Earlier this week, the NME announced that it was preparing to go free, distributing the magazine at train stations, universities and retail partners. The move is an attempt to arrest the magazine’s plummeting circulation figures and increasing irrelevance amongst younger readers. Over the past decade the NME has gone from a bastion of UK youth culture to a shadow of its former self. But is going free really the answer? Are people not reading the magazine because they won’t stump up £2.50 or has it simply had its day?
To be fair to NME, it’s hardly the only magazine going through a rough patch. The internet’s been putting print publications to the sword for years. Why pay for a couple of articles you might actually care about plus a load of filler when you can get all the content you want for free online? In fact, you could argue NME’s done well to stay afloat this long. Most of its competitors disappeared into the void years ago.
But there’s something particularly sad about the dwindling fortunes of the NME. I’m not old enough to remember the magazine’s last britpop heyday but I do remember its revival during the Libertines/Strokes era. Back then NME still had some of its reverential status. This was the bible of indie rock, proudly carrying the torch into the new millenium. Right up too the mid-2000s, it felt like NME was still a magazine documenting a living breathing music scene.
But then things started to get harder. The indie rock scene that developed in the early 2000s stalled and started to grow stale. The arrival of the Arctic Monkeys provided some hope but it started to become clear that not much of the new music it was covering was actually that good.
The NME was still going same as it ever was but the indie scene it was married to seemed to be losing ground. The sound was becoming increasingly derivative and uninspiring. The magazine had little choice but to focus on countless sub-Smiths groups whose poetic pretensions far outmatched their musical appeal. Other than that they were left with various pale Oasis imitations pumping out Sunday league pre-match anthems.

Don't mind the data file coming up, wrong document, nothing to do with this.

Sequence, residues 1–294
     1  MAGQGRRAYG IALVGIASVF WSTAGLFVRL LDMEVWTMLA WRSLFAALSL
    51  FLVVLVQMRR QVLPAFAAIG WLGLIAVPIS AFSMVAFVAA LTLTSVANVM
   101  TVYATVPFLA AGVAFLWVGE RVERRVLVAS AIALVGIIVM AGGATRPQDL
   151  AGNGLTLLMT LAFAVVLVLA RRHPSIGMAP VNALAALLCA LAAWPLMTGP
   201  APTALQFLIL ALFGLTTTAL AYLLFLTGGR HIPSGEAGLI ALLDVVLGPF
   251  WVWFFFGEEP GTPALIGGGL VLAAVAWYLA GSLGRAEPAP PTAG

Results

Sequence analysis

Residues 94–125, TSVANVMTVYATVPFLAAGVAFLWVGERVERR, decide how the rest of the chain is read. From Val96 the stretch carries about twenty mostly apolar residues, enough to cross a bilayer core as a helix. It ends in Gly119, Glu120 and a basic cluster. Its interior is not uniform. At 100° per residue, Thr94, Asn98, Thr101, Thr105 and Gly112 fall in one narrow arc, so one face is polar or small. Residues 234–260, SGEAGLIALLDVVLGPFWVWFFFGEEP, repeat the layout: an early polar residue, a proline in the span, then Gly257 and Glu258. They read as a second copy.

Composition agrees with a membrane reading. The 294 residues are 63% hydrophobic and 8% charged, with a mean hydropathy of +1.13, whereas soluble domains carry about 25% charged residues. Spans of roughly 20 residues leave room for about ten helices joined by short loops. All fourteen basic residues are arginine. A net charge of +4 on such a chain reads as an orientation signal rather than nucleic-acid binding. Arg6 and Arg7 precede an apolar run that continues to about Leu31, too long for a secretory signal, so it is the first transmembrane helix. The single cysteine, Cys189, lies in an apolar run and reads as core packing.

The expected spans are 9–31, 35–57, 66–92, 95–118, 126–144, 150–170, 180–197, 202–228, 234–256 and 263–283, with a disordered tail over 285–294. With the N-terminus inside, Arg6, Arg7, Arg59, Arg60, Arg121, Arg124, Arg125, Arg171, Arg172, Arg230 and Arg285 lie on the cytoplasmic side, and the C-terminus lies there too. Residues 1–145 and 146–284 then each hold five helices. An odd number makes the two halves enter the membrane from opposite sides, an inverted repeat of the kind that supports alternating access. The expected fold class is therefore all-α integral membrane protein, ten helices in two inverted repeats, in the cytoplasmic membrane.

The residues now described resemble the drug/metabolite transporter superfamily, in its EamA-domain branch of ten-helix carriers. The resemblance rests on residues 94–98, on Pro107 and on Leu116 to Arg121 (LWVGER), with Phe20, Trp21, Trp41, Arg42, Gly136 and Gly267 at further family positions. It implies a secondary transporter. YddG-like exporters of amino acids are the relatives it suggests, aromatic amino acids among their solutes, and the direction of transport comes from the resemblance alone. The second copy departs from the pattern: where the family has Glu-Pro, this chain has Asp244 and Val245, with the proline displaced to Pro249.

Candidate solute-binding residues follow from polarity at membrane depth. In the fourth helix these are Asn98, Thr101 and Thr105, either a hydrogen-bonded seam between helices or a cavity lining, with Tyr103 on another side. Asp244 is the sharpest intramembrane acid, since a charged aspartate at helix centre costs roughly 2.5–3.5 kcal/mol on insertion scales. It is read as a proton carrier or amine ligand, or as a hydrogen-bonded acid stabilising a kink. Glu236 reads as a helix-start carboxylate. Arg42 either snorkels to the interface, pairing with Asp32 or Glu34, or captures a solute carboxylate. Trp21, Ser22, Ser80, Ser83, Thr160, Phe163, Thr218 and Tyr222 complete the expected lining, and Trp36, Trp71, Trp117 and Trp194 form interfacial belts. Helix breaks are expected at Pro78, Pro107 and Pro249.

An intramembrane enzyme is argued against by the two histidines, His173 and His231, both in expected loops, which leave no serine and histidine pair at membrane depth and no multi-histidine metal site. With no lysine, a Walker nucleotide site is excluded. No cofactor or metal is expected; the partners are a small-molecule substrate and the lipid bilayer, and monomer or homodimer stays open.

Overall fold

This was the era of landfill-indie.
NME did its best to mould these scraps into something resembling a vibrant culture. It declared any new band with a couple of tolerable numbers as the new saviours. The front cover was alternated between waif-like public school boys doing their best Morrissey impression and variations on the mouthy northern upstart. Bless the NME, it tried, it tried really hard, but The Drums were never going to be Nirvana and The Enemy would never be the Stone Roses. A magazine centred around a certain type of music can only play the cards it’s dealt and unfortunately for NME it had some really shitty cards.
Faced with this dilemma, the magazine began leaning on a handful of bands. The blow of the Libertines split was lessened by Pete Doherty and Carl Barat’s endless production line of solo projects. The Libertines always haunted the pages of NME, like a middle-aged ladies man who never quite got over his first love and now chases happiness through a series of doomed flings. The slightest pretence to put the band or any of its constituent parts on the cover was seized with relish. By the time I started buying the NME regularly the band was no more but that didn’t seem to reduce the coverage devoted to it.
More dated nostalgia was also embraced with frequent special editions devoted to Oasis, Blur, The Clash or other high water marks in the UK’s rock history. In fairness, these were actually pretty enjoyable issues. Personally, I’d rather read about Joe Strummer’s early years than the lead singer of Twisted Wheel declaring that dance music is a bit shite. But nonetheless, there was something distinctly Q about all this misty eyed reminiscing. There seemed to be less and less new about New Musical Express.
These days it’s hard to see where NME fits in. The indie scene doesn’t really exist. Even in Brighton, once a stronghold of the indie disco, no clubs really go in for the ‘Chelsea Dagger’ approach any more. The cool kids are listening to house or hip-hop and the stag dos and football socials are happy with chart pop.
It looks like the NME is going the same way as other once great British institutions now dumped on the scrap heap, like manufacturing or caring about poor people. Music moves on, culture moves on and NME is going to have to move fast to catch up with it.